Ethics involves the concepts of right and wrong. When considering the future of humanity, human beings collectively, we make an implicit assumption that humanity is good and that it should continue forever. This further implies that we should be concerned about our descendants a hundred million years from now even though human beings as we know them have only been around for about 200,000 years. Obviously we cannot fashion the hundred year future, but we can avoid making damaging mistakes. It is our ethical duty to try.
During the period of time from the Paleolithic Age to the present, technology has evolved from the development of stone tools to the cell phone, affecting the production of food (energy and chemicals for the human machine), efficient movement of mass (people and things), communication between humans permitting unity or disunity of effort, and the accumulation of knowledge. As an example, control of fire and cooking probably happened 2.3 million years ago, while hearths appeared about 790 thousand years ago and bread dates back 14.5 thousand years. Can you fathom these time scales when, for most of us, life expectancy is less than 100 years?
Is this the growth of technology? Per the Google dictionary (an example of technology), technology is “machinery and equipment developed from application of scientific knowledge” and/or “the branch of knowledge dealing with engineering or applied science.” Was the control of fire technology? In modern terms we probably say no, it just happened. But in my perspective it was technology because it allowed humans to better define and control their environment. It had two sides however, both good and bad depending on how it was used.
Flash forward a few thousand years to A.D. Just before A.D., the Chinese invented paper. In the first century vending machines and automatic doors were invented. Around 589 A.D., a truly critical invention appeared under the Sui Dynasty in China – toilet paper. And in the 9th century A.D., in the Tang Dynasty, gun powder was created. Was that good or bad? It depends on how it is used. As one keeps moving forward one sees an increasing pace of observation, invention and creation. The pace is accelerating, a quantity measured in units per second per second.
Historically, ethics or moral philosophy has been studied and debated, at least among scholars, for a long time. Or maybe a short time is a better descriptive. And when “scholars” determined what was right or wrong, it was implemented (maybe) in the other homo sapiens permitting some level of governance. Normative ethicists study practical means of determining moral courses of action while applied ethicists determine what a person is obligated to do in a specific situation. While this might be great for a slow evolution of governance, does it work for large populations ruled by governments making choices affecting governance?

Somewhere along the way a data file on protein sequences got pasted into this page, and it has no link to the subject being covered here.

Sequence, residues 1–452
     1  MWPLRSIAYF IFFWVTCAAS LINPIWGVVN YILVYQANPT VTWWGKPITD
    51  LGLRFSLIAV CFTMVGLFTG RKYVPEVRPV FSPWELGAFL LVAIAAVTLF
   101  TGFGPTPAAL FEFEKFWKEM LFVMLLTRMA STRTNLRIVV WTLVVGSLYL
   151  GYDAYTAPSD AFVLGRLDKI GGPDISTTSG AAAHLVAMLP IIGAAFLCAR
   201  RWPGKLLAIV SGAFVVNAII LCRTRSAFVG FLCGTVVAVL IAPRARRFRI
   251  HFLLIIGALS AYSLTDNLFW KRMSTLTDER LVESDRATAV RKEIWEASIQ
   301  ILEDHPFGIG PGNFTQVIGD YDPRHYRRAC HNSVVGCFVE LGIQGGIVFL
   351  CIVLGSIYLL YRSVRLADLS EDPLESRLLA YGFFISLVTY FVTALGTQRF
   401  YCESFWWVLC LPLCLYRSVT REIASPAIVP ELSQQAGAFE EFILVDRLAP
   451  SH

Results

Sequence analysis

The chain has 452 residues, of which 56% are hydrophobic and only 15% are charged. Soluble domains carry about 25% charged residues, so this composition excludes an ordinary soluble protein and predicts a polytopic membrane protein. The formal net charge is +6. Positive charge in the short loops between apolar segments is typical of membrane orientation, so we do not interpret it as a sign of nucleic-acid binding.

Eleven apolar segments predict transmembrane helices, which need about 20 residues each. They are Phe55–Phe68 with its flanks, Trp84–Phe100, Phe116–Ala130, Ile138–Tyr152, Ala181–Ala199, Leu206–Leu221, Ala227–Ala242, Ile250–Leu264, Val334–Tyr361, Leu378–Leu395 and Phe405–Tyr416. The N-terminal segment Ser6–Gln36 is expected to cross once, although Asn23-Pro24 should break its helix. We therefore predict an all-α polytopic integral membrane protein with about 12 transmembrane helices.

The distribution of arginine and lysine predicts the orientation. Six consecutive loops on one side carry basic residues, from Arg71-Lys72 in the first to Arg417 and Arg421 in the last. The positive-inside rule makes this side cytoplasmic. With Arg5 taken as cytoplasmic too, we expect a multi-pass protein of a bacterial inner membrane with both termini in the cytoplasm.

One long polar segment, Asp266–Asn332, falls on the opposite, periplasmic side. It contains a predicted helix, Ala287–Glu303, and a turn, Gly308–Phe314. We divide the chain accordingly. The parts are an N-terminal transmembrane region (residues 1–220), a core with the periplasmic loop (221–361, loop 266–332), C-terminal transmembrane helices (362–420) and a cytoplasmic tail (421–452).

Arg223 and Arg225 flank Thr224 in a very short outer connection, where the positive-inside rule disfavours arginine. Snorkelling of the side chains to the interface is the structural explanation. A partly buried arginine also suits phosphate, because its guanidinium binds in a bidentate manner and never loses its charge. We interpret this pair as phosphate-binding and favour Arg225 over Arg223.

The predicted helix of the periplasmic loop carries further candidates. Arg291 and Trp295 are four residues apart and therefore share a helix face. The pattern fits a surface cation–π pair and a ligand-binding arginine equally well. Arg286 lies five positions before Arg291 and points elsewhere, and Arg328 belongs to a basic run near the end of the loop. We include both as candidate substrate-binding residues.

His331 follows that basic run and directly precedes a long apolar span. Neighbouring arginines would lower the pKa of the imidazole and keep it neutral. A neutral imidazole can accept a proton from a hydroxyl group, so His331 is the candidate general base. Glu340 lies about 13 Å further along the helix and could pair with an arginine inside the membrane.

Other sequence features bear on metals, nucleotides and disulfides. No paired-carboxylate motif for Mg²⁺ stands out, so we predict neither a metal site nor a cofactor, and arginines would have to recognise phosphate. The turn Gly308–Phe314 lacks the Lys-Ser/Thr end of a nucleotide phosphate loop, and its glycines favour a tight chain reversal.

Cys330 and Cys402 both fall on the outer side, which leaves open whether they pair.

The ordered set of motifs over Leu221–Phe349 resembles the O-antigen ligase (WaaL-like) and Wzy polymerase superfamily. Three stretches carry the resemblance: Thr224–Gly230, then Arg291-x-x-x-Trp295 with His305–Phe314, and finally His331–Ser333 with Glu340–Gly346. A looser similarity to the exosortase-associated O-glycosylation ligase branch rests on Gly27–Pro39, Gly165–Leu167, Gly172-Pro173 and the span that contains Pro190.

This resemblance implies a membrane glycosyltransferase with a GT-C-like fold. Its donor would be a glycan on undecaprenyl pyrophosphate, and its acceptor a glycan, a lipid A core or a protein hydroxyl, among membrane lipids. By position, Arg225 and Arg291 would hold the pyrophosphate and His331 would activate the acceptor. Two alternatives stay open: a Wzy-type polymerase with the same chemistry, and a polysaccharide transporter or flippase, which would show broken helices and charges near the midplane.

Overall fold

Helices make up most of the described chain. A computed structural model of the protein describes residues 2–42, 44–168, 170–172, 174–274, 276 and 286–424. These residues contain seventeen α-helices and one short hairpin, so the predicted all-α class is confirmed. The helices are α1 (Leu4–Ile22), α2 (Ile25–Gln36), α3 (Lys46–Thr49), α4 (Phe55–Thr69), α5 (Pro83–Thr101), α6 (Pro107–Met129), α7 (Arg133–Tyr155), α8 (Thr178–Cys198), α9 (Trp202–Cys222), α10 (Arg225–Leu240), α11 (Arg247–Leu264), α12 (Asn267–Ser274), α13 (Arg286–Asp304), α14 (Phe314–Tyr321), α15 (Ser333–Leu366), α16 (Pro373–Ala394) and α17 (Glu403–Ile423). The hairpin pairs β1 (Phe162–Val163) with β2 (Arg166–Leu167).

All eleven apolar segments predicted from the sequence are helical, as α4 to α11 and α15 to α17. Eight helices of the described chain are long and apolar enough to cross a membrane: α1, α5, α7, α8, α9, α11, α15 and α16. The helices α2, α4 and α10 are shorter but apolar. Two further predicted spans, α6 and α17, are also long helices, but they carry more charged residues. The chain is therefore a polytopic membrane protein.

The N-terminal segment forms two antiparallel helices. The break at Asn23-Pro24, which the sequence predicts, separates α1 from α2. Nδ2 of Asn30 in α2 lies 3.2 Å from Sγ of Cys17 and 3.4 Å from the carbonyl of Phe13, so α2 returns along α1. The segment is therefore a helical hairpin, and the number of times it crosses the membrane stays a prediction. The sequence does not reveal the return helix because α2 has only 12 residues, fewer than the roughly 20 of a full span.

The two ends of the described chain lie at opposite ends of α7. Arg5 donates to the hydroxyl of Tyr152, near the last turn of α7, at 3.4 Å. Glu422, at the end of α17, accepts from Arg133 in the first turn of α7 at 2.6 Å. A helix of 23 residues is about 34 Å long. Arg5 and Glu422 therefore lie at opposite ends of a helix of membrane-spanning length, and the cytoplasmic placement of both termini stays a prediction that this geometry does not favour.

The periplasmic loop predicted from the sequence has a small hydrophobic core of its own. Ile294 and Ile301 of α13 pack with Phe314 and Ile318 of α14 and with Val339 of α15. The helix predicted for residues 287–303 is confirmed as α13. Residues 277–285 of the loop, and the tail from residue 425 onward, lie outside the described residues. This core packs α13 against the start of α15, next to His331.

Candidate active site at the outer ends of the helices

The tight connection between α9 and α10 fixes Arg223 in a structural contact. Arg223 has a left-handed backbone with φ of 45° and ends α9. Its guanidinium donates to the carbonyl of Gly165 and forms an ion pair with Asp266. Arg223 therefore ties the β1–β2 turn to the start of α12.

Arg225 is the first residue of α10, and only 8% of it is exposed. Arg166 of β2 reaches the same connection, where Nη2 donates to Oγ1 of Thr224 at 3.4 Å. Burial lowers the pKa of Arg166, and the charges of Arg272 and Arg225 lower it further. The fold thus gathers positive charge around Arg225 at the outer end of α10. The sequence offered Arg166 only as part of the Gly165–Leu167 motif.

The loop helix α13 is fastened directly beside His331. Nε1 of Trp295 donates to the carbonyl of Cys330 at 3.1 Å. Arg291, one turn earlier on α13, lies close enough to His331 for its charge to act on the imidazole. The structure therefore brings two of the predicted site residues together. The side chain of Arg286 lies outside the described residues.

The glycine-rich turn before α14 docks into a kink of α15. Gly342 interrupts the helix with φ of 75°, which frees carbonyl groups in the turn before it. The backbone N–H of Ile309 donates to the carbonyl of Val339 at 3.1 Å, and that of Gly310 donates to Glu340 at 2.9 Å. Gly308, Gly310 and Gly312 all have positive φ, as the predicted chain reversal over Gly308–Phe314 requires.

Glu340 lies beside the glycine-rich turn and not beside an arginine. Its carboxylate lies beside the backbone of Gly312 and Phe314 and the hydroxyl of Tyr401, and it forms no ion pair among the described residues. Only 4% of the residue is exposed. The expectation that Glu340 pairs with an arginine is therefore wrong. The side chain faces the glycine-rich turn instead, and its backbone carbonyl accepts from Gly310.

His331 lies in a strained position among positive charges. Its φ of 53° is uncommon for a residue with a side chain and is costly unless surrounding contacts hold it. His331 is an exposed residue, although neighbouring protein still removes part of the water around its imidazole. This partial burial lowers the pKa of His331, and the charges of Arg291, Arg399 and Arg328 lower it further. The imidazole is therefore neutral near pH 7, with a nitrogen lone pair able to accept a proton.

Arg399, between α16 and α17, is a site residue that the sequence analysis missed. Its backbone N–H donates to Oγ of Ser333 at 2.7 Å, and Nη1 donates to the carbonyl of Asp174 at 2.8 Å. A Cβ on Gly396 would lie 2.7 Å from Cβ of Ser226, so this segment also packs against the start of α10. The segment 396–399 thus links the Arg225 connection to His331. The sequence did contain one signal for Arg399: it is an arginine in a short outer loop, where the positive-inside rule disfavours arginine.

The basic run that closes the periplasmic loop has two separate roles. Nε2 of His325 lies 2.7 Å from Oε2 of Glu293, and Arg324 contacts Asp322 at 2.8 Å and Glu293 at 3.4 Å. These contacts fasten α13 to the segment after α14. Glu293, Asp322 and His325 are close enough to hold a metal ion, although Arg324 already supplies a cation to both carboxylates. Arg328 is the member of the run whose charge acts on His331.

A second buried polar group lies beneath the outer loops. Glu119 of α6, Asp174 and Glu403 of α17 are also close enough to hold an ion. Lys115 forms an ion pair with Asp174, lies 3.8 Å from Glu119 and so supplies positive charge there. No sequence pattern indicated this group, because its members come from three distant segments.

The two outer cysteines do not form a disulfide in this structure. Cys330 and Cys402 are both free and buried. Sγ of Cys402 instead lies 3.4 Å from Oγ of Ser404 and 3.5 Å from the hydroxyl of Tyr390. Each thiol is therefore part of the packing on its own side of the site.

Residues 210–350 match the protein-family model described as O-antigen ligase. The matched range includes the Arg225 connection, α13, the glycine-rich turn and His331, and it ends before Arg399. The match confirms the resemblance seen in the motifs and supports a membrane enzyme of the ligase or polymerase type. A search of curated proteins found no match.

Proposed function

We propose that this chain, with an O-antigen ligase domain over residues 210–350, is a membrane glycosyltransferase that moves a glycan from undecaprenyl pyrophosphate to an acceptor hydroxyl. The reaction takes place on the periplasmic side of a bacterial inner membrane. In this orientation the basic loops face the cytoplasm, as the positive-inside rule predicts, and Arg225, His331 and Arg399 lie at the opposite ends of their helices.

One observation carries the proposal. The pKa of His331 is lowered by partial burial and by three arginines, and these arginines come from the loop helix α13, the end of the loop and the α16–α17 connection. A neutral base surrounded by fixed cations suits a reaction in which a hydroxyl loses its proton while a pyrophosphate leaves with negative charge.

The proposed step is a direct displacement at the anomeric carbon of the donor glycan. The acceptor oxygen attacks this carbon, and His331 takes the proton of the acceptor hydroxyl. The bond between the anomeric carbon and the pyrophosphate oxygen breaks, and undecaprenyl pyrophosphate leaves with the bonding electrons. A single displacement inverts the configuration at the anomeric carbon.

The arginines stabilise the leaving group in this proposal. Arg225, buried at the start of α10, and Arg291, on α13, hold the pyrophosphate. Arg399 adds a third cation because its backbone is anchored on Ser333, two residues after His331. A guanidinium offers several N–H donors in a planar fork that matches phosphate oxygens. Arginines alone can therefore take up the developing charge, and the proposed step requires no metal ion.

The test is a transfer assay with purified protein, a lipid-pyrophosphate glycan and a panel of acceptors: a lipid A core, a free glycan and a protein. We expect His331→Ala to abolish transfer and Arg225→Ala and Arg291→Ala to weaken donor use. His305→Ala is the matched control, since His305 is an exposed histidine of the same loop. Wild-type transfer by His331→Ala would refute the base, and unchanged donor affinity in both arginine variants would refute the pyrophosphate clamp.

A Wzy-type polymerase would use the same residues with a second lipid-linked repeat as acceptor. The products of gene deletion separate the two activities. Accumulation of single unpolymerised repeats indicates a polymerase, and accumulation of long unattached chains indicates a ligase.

On January 28, 1896 the first speeding ticket was issued to Walter Arnold for going eight miles per hour in a two mile per hour zone. He broke the law and was caught! The technology of the time required governors to establish some rules (laws) because of the new-fangled things call automobiles. Today we may find Arnold’s plight humorous, after all can you really drive an automobile at two miles per hour for any distance? But back in 1896, what was the ethical decision to be made about the magnitude of the speed limit? What was right or wrong?
Move forward to today. In my estimation, most automobiles powered by an internal combustion engine can accelerate to a speed of 100 miles per hour or greater. What is your ethical responsibility as an individual to always move at a velocity below the speed limit? What is the ethical responsibility of the enforcer (usually a human police officer) to ticket you for 1, 5, 10, or 20 or more miles per hour over the speed limit.? For completeness, that is 1.61, 8.05, 16.1, or 32.2 kilometers per hour over the speed limit.
Why be so obnoxious as to include kilometers per hour in this “silly” example? Because the technology of the world requires common standards and while we, as humanity, have standards, they are physical standards for length, time, amount of substance, electric current, temperature, luminous intensity, and mass. These international standards (governance) have nothing to do with right or wrong or ethics.
Earlier I mentioned controlled fire and the hearth, separated by over 1.5 million years. Plenty of time to think about it and develop necessary ethical standards if required. But today knowledge is doubling every year implying increasingly fast (accelerating) technology evolution and revolution. We have less and less time to consider, debate, conclude and adopt proper ethical principles associated with a technological advance or direction. It is appropriate to consider some examples and start thinking and debating now.
Till next time….